“Final Fantasy VII Remake has a release date.”
News regarding the highly anticipated project always leaves fans waiting with bated breath, given how many questions surround the remake. Is the game still going to be released episodically? Is the game coming to multiple consoles? When will we finally be able to play the game? The most popular entry in the mainline Final Fantasy series boasts several spinoffs, prequels, and even a film adaptation. Yet a high-end remake has eluded Final Fantasy fans for many years now, a high-end remake which has been teased publicly for almost 15 years.
June 2005: Square Enix showed off a portion of the opening of Final Fantasy VII running on the PlayStation 3. The tech demo was used to demonstrate the impressive HD graphics which would eventually define a console generation.
Cloud and Aerith look more authentic than anything out of the Kingdom Hearts franchise. While short, one can see how the above video could stoke the excitement of the fans. Midgard especially comes off as a vast and exciting setting for simply a PS3 game.
September 2005: Final Fantasy VII: Advent Children is released in Japan, depicting flashy computer-animated graphics and is directed by Tetsuya Nomura.
May of 2006: Square Enix announces remakes of not just Final Fantasy VII, but XIII and IX as well. The announced remakes were not for the PlayStation 3 or Xbox 360, but rather described as “DVD-ROM format, with graphical and audio enhancements.” Each remake was scheduled to be released separately, a vastly different scenario from the episodic content originally advertised for the remake of Cloud’s adventures.
“Wow, a promise to remake three of their most popular titles means Square must have had a plan.” Whether the company was publicly stating their lofty ambitions or reality had other plans is unclear. However, in between the promised remakes and today, Square Enix found massive success with the Kingdom Hearts franchise, established themselves with western properties as their audience in those regions grew much faster; all while the mobile market took Japan by storm, a market originally not a suitable fit for the Final Fantasy series.
In short, Square Enix became a different company.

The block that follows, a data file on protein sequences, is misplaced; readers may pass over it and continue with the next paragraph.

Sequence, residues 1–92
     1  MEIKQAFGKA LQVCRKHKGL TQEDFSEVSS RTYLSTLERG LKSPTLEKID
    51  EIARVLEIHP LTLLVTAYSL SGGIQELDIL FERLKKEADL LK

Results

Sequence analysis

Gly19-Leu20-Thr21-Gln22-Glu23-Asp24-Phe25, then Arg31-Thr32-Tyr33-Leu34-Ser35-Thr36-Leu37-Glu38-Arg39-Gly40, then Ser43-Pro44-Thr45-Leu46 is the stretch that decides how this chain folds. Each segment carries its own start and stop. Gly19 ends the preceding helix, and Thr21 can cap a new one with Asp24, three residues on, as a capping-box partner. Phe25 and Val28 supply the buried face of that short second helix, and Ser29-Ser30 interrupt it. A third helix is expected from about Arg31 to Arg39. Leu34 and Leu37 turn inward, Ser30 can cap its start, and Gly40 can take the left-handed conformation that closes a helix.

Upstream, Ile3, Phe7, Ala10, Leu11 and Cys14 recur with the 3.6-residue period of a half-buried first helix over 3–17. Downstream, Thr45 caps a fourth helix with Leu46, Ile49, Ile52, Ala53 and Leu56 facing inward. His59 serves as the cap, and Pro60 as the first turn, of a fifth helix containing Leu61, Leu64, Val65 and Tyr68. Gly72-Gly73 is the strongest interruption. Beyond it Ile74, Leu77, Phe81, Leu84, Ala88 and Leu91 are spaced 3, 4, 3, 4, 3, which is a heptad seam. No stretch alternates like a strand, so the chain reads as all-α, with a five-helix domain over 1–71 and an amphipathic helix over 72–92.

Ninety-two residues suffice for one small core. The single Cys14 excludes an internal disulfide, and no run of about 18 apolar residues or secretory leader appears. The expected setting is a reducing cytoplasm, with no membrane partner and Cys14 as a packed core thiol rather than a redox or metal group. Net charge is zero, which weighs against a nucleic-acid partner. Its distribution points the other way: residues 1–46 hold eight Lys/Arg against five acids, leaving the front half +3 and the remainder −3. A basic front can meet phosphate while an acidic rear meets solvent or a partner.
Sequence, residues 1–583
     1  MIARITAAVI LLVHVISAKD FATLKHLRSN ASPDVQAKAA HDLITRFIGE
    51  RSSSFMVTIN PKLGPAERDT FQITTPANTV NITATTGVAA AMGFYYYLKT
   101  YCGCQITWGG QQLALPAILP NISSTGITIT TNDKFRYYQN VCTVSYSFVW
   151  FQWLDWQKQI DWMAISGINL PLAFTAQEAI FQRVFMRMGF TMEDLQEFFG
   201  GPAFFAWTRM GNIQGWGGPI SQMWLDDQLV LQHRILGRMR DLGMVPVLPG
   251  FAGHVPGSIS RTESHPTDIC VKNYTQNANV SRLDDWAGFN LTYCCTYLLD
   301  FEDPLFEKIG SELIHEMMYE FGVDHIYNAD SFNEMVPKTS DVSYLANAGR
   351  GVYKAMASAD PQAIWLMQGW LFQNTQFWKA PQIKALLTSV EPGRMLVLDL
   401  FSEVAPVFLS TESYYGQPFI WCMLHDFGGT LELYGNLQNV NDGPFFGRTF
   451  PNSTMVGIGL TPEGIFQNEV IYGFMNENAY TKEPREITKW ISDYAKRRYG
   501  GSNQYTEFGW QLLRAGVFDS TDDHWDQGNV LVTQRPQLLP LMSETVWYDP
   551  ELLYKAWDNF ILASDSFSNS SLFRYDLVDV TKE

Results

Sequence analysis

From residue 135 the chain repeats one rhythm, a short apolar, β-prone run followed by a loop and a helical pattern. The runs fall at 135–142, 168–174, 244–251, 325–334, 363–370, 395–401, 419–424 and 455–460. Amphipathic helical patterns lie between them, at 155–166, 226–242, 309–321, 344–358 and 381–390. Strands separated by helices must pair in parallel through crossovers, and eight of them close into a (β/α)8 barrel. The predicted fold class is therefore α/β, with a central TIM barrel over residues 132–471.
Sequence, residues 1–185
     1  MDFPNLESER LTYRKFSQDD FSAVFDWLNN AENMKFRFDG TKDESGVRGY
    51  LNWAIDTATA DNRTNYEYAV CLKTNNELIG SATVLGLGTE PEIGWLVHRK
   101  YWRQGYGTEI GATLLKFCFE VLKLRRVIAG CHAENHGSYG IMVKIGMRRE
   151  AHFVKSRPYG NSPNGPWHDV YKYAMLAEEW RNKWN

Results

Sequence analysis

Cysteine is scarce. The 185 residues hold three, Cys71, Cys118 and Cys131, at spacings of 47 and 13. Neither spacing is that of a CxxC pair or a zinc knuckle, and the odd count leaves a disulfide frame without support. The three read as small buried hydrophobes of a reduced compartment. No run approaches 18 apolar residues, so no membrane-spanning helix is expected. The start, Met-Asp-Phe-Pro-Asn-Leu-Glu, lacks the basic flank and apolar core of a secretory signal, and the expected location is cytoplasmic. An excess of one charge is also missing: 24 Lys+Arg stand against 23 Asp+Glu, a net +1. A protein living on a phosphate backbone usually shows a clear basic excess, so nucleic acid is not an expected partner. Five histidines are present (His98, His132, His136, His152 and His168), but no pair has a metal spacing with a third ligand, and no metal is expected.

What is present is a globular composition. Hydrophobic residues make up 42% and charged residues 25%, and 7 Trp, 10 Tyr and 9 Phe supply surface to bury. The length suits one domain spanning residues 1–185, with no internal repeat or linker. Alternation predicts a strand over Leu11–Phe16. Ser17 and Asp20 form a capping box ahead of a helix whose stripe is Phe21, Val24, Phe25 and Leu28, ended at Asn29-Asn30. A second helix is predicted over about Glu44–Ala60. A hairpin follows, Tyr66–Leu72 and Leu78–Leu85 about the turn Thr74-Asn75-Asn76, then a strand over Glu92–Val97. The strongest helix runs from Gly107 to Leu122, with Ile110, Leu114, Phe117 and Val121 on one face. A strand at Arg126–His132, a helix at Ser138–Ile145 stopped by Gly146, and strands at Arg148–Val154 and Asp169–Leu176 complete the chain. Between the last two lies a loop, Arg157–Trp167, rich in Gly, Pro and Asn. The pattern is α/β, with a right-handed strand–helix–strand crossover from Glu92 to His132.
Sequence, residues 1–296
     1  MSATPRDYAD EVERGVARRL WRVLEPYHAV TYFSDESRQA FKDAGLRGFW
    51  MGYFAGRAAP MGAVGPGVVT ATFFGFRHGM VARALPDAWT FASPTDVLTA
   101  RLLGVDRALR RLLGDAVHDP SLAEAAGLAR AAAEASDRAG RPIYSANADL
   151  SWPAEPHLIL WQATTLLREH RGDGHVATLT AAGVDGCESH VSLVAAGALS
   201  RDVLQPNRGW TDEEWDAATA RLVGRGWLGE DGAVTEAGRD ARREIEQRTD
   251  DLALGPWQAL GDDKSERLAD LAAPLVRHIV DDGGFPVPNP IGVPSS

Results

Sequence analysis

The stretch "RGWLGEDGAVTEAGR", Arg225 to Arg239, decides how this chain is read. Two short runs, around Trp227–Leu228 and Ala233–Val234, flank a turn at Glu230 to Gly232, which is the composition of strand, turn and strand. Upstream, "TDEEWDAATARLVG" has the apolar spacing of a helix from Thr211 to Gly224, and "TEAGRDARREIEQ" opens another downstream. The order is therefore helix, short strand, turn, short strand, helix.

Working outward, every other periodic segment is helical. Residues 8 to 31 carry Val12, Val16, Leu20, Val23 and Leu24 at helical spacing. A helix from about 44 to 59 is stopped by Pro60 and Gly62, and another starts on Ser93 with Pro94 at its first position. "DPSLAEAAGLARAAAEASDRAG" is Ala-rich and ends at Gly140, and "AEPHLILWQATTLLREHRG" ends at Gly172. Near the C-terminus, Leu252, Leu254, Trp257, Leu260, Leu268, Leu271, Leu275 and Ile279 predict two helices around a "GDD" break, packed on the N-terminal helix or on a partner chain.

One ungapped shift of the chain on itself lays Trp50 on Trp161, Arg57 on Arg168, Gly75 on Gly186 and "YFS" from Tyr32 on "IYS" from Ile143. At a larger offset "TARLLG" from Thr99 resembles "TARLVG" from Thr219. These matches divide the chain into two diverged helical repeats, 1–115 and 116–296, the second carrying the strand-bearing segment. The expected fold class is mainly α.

May of 2015: Final Fantasy VII Remake is reintroduced to the world during Sony’s E3 press conference. CyberConnect2 is announced as the developer, with Square Enix publishing the game and providing additional support.
December of 2015: A small gameplay slice plays during Sony’s PlayStation Experience press conference. The game is expected to be in full development at this point.
May of 2017: Development of Final Fantasy VII Remake shifts from CyberConnect2 to Square Enix. No update on the release date was provided.
The following two statements can be true: Final Fantasy VII Remake had an awesome reveal during Sony’s E3 2015 presser, and Final Fantasy VII should not have been revealed during Sony’s E3 2015 presser. By this time, however, fans of both the series and the gaming industry as a whole are beginning to ask more questions which may call into question the feasibility of the remake.
Conflicting statements have plagued the publicity of this remake.
June 10th, 2019: The release date for Final Fantasy VII Remake is set for March 3rd, 2020.
June 11th, 2019: Yoshinori Kitase states his team is unsure of both how many entries the remake series will consist of and the schedule of the overall project.
Understanding the release schedule and strategy of Final Fantasy VII Remake is a tricky task. Square Enix has not clearly communicated how soon you will be able to buy installments. Are we going to wait one year in between titles? Two? Three? How will we be able to play the entire package when all is said and done? (A thread from the official Final Fantasy VII Remake Twitter account spins the lack of information in a positive light.)
This may be one of the biggest “teases” regarding Final Fantasy VII Remake. Players only needed 2-3 hours to complete the quest and story portion of Midgar; the “wow” moment was not exploring the city, but rather witnessing how much larger the world is outside of Midgar.
Midgar isn’t the only aspect of Final Fantasy VII Remake that’s received a bit of a facelift. Barrett will have more time to push his pro-environmental safety agenda to Cloud. Jessie and the other members of Avalanche will be able to interact with Cloud more, as will Tifa.
This may not seem like much of a tease. However, passionate fans of the original will remember how fun and expansive the game really was when their party took their first steps out into the world map, and a new journey began.
Obviously, the history of Final Fantasy VII Remake will not end with the announcement of a release date 9 months out. This is either the start of a successful business model for Square Enix, that sees an entire development team dedicated to remaking every single game under their impressive arsenal; or an expensive blip, nothing more than a one-off.